The baseball season is now down to a long weekend, with the Sox and Cubs both in miserable slumps. As a pessimist, I should have anticipated this, but this season is unprecedented. It all started back in March when we were supposed to attend a Spring Training game between the two Chicago foes. It was cancelled, along with many of our plans this year. When the season finally officially began on the 24th of July, I did not have great expectations for the league to make it to the postseason. The Cubs jumped to the top of their division but stumbled against the slower-starting Sox in their first series. The Pale Hose finally claimed the top spot in the AL Central over the Twins and Indians, only to falter down the stretch. I’ve watched them go 3-7 against the Twins, Indians, and Reds in the past week or so.
The last two nights have been particularly painful for the White Sox, losing in walk-off fashion to Cleveland on both occasions. On the other side of town, the Cubs lost another one this morning, their third straight, to the last-place Pirates. They could have helped the Sox in the series before that against the Twins, but Minnesota took two of the three. They did top the Indians in two of three, after a 12-0 drubbing of the Brewers and a no-hitter by Alec Mills. However, the poor-hitting Cubbies are now in danger of being caught by the Cardinals, Reds, and Brewers. The Covid-plagued regular season ironically all comes down to a three-game series against the Sox at Comiskey (excuse me – Guaranteed Rate). For a historical first, they each play in role in the other’s playoff fate this late in the season. Sadly, I just watched the Sox blow another early lead by the Indians – at least it’s not the last inning last the previous two, although there’s still three innings to go. It’s looking like a repeat of last night’s disappointment, with the White Sox up by one again after a Yoan Moncada triple in the 7th. If the Indians make it a four-game sweep, the Sox could fall to a full-game behind the division leading Twins, who are idle today, and could potentially face the perennial powerhouse Yankees in their first post-season appearance in twelve-years.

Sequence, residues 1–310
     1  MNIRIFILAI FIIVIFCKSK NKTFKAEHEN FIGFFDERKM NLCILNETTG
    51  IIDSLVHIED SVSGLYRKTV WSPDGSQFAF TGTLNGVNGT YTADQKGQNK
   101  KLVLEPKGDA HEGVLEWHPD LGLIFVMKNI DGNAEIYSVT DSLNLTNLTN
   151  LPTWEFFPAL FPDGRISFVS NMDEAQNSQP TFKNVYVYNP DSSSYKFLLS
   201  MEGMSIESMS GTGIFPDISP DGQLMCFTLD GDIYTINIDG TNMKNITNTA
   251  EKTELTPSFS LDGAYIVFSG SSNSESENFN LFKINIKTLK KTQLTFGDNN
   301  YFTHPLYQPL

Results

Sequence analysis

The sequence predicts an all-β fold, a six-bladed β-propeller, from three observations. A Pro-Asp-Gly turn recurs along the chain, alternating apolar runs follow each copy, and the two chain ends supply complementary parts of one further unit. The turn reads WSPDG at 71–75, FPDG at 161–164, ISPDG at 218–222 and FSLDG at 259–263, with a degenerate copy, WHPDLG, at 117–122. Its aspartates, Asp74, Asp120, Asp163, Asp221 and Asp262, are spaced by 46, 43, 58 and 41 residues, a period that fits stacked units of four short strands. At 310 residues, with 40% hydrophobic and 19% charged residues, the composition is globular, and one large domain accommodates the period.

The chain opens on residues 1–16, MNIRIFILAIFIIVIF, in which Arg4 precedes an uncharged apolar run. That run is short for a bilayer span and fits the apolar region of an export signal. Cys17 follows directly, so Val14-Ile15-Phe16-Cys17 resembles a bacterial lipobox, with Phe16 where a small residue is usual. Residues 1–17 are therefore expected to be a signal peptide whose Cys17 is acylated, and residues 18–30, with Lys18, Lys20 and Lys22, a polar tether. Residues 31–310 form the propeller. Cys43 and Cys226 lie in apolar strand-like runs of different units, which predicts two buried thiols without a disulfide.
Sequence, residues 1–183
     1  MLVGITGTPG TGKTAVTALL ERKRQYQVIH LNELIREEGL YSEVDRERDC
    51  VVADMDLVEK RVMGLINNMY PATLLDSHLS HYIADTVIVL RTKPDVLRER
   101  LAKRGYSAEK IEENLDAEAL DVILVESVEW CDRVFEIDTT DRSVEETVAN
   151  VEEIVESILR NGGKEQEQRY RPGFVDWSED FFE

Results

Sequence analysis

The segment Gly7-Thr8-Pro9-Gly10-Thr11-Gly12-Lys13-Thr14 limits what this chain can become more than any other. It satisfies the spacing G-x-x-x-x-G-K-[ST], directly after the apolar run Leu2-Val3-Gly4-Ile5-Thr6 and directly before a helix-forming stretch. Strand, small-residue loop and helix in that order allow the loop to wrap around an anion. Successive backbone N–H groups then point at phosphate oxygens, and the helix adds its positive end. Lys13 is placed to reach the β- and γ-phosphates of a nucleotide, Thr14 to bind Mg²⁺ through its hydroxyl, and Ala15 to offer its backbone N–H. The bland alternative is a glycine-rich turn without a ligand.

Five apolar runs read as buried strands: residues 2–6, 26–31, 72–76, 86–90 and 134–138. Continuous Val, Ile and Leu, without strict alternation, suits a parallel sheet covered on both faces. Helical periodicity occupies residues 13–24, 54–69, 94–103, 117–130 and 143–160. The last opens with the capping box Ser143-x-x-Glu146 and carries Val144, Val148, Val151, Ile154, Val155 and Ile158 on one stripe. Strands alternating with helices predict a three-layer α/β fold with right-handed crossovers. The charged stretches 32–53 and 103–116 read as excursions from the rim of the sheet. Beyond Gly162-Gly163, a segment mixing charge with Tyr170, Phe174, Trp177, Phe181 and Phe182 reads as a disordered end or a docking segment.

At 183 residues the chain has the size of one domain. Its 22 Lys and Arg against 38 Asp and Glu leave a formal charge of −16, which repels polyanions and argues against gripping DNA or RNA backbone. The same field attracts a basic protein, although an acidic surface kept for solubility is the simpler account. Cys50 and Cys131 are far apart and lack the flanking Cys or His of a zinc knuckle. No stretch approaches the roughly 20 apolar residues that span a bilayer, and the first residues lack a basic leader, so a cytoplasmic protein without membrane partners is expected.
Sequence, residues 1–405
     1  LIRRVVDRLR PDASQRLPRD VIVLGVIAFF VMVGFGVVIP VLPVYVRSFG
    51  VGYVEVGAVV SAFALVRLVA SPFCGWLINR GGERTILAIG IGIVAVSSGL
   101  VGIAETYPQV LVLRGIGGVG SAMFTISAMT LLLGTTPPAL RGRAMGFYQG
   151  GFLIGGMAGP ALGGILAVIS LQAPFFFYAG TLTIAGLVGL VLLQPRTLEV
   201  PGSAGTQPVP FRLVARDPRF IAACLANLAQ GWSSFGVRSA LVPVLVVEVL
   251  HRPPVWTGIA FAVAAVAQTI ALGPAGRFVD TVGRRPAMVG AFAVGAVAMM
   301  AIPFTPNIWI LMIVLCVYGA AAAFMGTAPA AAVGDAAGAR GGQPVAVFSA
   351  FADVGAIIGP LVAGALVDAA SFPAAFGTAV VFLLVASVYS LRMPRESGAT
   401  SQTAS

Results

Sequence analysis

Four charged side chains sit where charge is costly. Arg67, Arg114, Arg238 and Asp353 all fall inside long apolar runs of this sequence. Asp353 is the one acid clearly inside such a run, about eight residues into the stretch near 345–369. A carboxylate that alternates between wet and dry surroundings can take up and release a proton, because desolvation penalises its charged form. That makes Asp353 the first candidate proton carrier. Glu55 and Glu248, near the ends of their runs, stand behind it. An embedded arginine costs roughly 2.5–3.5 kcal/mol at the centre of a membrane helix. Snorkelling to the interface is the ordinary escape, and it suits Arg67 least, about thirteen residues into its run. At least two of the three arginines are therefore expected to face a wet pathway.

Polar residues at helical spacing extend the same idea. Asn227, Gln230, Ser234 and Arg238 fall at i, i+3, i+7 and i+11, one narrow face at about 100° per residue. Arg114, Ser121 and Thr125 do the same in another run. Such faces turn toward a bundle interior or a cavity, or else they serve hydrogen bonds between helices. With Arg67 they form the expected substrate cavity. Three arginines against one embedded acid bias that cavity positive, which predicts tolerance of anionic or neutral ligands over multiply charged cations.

On the other hand, if the Cubs lose all three to the Sox, they could be passed by the Reds and/or Cards. It will be a tough weekend about who to cheer for in each critical game? Allegiance could easily change depending on the circumstances. In a normal season, both Chicago teams would be facing division rivals rather than cross-town foes. It’s just another Covid quirk, that also includes a expanded 16-team Playoff field, empty ballparks, limited homefield advantages, and designated hitters for both leagues. The World Series will take place in Arlington, Texas, another deviation from normalcy. It’s been a tough year for baseball purists.
The Covid-Cardinals are of particular concern to me, with respect to the Cubs. The Red Birds have seven games remaining, while standing only one game behind the Cubs in the loss column. They would have to win all seven to pass the Cubbies, but also postseason seeds are at stake. Three losses to the Sox would give them 27 for the year, while San Francisco, Cincy, Milwaukee and Miami could also disrupt their current #4 NL placement, down from #2 just a few days ago. This weekend, and possibly Monday, determines who plays where, who, and when. I’ll have to wear a Sox sock on one foot and a Cubs on the other.
In other sports important to me, the Celtics are in trouble, while the Lakers dropped their first to the dangerous Nuggets, who have miraculously come from behind in their last two series. The Timbers won their second straight match, outdueling the regional rival Seattle Sounders 1-0 last night. Against all odds, each sport has somehow persevered over threats of the virus. Thankfully, there are live sports to watch every day, including both NFL and NCAA football. The Pac-12 announced today that they will join the other power conferences in pursuit of a 2020-21 National Championship. However, teams won’t start play until November 6th, with a 7-game schedule. They reversed their initial decision and joined the BIG-10 in delayed reconsideration. It sets the stage for college basketball to start, missing only a few non-conference games this year. But first, I’ll focus on a expanded baseball Playoff that involves a very rare joint appearance by both of my teams – Cubs and Sox.
P.S. The White Sox brought in a reliever named Bummer following a 4-run collapse in the bottom of the 7th to the never-give-up Indians. It seemed like an appropriate name to describe the bullpen in this series. The red-hot Tribe took a 5-4 lead in response to falling behind once again in the series. Hand then shut-down the Sox, with two strike-outs and a easy grounder to finish up the 4-game sweep. Cleveland is now just one-game behind the Sox and two short of the Twins, after 5 straight Pale Hose losses. I couldn’t be more frustrated after cross-town losses today at a time when teams need to be playing their best ball. Who wants it more this weekend – the Sox or the Cubs?